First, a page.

This is how the kit looks like:
Centering ring is made of aluminum and has four pre-drilled, threaded holes. Airframe has four holes as well. I took the centering ring, pushed it into the airframe, aligned the holes, and fixed it with four screws: three short screws and a longer screw with a rail button on it. To prevent screws from ever coming out, I put some epoxy on their ends.
Then, I drilled two small holes in the airframe and attached shock cord to the inside of the airframe with two screws. Smeared the area with epoxy and tied the nuts.
Next, I worked on fins. The kit comes with small plastic pieces – they go through the fin tabs and hold fins in place, like this:
The nice thing about plastic wedges, is that they hold the fins perpendicular to the airframe. No need to align fins with fin guide.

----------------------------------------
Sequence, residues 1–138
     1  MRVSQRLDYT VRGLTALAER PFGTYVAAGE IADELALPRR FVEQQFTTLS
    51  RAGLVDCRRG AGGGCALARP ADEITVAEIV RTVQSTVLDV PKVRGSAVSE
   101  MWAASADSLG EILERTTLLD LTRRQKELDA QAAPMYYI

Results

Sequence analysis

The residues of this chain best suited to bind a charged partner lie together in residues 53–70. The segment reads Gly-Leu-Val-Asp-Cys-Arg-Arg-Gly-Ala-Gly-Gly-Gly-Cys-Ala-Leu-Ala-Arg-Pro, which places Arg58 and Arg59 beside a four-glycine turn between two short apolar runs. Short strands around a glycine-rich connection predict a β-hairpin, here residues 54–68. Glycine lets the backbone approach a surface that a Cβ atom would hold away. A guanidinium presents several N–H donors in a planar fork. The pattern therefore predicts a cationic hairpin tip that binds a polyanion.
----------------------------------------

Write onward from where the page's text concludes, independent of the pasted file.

I inserted fins into fin slots of the airframe, inserted the wedges, and covered them with Aeropoxy:
Next step – external fin fillets. First, I masked the fins with painter’s tape. Then, I filled fin fillets with Aeropoxy and lined it with foil, Using wooden dowel, I pressed it against the rocket, forming nice fillet and forcing excess epoxy out. Repeated for remaining fins.
Adding motor retainer was a no-brainer. I inserted it into the airframe and tightened four screws. As usual, I epoxied the ends of the screws to prevent them from coming out.
Making a nose cone took about five minutes:
Making AV-bay took another five minutes. I did not use any electronics just yet.
Almost done! I tied double bowline knots at the ends of the shock cord, with a turn of electrical tape to hold the ends. Then, connected all the parts together:
It’s ready to fly!
On November 8, 2014, Defender flew its first mission on CTI H-143 “Smoky Sam” motor. Motor deployment with 8-sec delay. The rocket went right up, popped the chute at apogee, and drifted ~1,000 feet from the launch pad.
Rocket build will continue – it’s yet to get electronics (and paint) !